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), and biofeedbackbiofeedback,
method for learning to increase one's ability to control biological responses, such as blood pressure, muscle tension, and heart rate. Sophisticated instruments are often used to measure physiological responses and make them apparent to the patient, who then tries
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, are used to alleviate pain.

Analgesic

 

a medicinal substance that relieves pain. Analgesics are a structurally varied group of medicines. Narcotic analgesics (seeNARCOTIC) are distinguished from nonnarcotic analgesics. The latter group comprises derivatives of salicylic acid, pyrazolone, aniline, and indole; in addition to being analgesics, these derivatives are antipyretics and anti-inflammatories. Amidopyrine, analgin, butadion, phenacetin, acetyl-salicylic acid, and other similar preparations are used for musculoarticulatory pains, neuralgias, headaches, and toothaches, but they are only mildly effective against acute pain caused by traumas or spasms in the smooth musculature.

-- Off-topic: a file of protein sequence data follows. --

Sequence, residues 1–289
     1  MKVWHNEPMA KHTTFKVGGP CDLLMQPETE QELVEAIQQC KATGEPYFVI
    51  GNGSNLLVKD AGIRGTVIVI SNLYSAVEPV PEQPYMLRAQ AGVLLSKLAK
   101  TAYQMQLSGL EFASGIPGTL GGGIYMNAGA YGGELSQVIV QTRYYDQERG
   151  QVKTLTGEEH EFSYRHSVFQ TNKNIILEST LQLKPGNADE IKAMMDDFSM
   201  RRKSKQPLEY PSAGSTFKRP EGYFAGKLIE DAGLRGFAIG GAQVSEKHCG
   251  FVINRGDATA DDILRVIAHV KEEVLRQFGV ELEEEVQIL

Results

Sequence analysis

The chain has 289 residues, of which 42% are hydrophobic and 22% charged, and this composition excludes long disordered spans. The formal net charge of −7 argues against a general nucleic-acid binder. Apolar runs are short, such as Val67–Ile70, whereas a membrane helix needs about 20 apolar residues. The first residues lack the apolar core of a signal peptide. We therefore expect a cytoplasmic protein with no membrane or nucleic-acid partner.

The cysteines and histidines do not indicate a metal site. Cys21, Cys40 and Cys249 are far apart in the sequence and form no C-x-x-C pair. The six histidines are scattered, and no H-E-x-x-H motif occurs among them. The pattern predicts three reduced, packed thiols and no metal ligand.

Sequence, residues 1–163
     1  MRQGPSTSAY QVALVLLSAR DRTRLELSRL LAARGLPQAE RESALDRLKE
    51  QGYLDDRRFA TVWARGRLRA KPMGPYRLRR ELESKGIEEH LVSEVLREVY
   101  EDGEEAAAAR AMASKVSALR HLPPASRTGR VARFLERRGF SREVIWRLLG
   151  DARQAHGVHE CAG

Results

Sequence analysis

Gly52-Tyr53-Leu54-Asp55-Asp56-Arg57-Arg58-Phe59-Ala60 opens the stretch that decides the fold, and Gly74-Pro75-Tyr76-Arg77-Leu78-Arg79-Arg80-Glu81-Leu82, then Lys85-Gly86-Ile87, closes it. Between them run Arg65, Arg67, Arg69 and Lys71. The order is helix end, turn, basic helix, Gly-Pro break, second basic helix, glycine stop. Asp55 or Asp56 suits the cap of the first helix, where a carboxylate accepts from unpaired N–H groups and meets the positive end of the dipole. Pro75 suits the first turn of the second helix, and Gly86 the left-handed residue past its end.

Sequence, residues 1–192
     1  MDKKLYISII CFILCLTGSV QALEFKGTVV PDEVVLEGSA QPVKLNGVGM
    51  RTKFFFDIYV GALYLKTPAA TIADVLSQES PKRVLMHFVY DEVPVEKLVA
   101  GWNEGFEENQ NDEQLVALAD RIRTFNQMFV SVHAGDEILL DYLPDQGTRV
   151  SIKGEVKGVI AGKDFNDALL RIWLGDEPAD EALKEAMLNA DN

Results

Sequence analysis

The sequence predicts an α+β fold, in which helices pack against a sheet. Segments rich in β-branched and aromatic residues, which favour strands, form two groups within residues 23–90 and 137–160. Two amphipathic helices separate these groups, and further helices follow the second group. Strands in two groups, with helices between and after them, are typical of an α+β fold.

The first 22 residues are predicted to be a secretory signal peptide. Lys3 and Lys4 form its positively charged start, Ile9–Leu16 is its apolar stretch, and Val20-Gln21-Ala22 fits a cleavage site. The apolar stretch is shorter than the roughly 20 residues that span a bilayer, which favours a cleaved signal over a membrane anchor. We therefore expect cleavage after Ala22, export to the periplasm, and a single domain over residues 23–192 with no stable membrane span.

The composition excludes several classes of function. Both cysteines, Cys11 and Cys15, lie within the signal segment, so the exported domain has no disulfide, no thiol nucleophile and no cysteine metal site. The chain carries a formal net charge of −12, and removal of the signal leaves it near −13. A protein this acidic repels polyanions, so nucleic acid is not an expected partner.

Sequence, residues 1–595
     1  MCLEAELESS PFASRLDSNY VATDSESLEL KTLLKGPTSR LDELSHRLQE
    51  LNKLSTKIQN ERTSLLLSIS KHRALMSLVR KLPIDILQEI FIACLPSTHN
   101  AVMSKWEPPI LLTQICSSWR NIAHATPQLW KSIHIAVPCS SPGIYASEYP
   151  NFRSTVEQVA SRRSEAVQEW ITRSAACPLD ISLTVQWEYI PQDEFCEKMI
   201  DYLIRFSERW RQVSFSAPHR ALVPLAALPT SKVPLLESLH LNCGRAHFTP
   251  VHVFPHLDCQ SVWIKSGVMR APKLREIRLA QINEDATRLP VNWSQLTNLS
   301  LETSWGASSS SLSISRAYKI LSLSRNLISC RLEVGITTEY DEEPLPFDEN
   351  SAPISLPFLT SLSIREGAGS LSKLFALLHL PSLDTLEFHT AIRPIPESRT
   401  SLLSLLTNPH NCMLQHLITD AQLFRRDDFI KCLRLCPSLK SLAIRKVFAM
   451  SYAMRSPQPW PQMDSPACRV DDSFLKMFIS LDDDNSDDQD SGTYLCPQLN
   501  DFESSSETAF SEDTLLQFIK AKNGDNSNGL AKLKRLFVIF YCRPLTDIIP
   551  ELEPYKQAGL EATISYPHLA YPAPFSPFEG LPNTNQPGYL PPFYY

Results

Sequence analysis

Analgesics alter the body’s sensitivity to pain by predominantly affecting brain centers and/or the pituitary-adrenal system. Nonnarcotic analgesics, in contrast to narcotic analgesics, anesthetizing remedies, and anesthetics (seeANESTHETIC), do not influence any senses other than touch and do not affect mental functioning or the coughing and respiratory centers. Furthermore, nonnarcotic anesthetics are not somnifacient or addictive. (SeeANTIPYRETICS.)

REFERENCES

Zakusov, V. V. Farmakologiia nervnoi sistemy. Moscow, 1953.
Zakusov, V. V. Farmakologiia. Moscow, 1966.
Mashkovskii, M. D. Lekarstvennye sredstva, part 1. Moscow, 1972.

analgesic

[‚an·əl′jēz·ik]
(pharmacology)
Any drug, such as salicylates, morphine, or opiates, used primarily for the relief of pain.

analgesic

1. of or causing analgesia
2. a substance that produces analgesia
References in periodicals archive ?